Minimum Wage: A tax by another name?

By Christopher Sallie
AIMS on Campus Fellow

Income inequality has become a topic for debate across Canada, as we begin to feel the impacts of declining oil prices on the average household income. Maritime governments are coming under increased pressure to address this issue and raising the minimum wage appears to be the preferred solution.

But will such a policy achieve the desired outcome? The quagmire that is minimum wage best embodies the need for sound policy during a time of sluggish economic growth. A half-measures such as this may have an adverse impact, as it fails to address the underlying issue relating to income inequality: taxation.

Proponents of increasing the minimum wage well argue that addressing income inequality may improve the most vulnerable in our society by offering them a wage that allows them to meet their most basic needs. Opponents to such proposals believe the raising of minimum wages will put a drag on small and medium business in an already fragile economy, and say that addressing matters of tax reform would be a far more effective means in increasing take home pay. On this matter, we would be wise to listen to the opponents on this issue.

The Basic Personal Exemption (BPE) is the earnings threshold that both levels of government set when determining what an individual may earn without having to pay taxes. The Atlantic provinces have some of the lowest BPEs in the country. When compared to those of the Western provinces, in some instances the BPE threshold is almost twice as high as their eastern counterparts. The reluctance of provincial governments to increase these amounts is a testament to the composition of their respective labour forces. They know well that any increases in the BPE will have a negative impact on government revenues, forcing them to make unpopular decisions come March and putting their political ambitions at risk.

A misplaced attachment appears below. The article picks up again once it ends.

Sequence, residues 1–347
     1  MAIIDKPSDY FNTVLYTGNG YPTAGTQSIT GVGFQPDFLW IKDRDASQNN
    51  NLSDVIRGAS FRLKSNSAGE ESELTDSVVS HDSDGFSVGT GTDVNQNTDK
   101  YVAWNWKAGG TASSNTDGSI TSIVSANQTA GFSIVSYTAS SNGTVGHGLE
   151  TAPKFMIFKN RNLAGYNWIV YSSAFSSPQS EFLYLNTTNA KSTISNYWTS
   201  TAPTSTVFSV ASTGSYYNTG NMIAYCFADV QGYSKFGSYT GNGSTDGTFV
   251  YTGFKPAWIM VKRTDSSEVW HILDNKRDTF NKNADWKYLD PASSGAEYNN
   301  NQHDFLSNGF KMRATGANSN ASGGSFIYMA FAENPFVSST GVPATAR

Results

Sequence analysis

In October 2015, the PEI branch of the Canadian Federation of Independent Business was asked to speak to a Legislative Committee about the impacts of wage increases and presented some troubling findings. In their report, they found that “there have been substantial increases to the minimum wage while no adjustments have been made to the tax system. The result has been that the effective rate of personal income tax paid by a full-time minimum wage earner has grown from 3.4% in 2002 to 5.7% in 2014”.

It is clear that this type of policy fails to improve the disposable income of low income earners. By ignoring the impacts such a policy on small- and medium-sized businesses, and their ability to invest in growth through increased payroll taxes, failure to address tax fairness on full-time, minimum-wage earners would make any minimum wage increase irrelevant.

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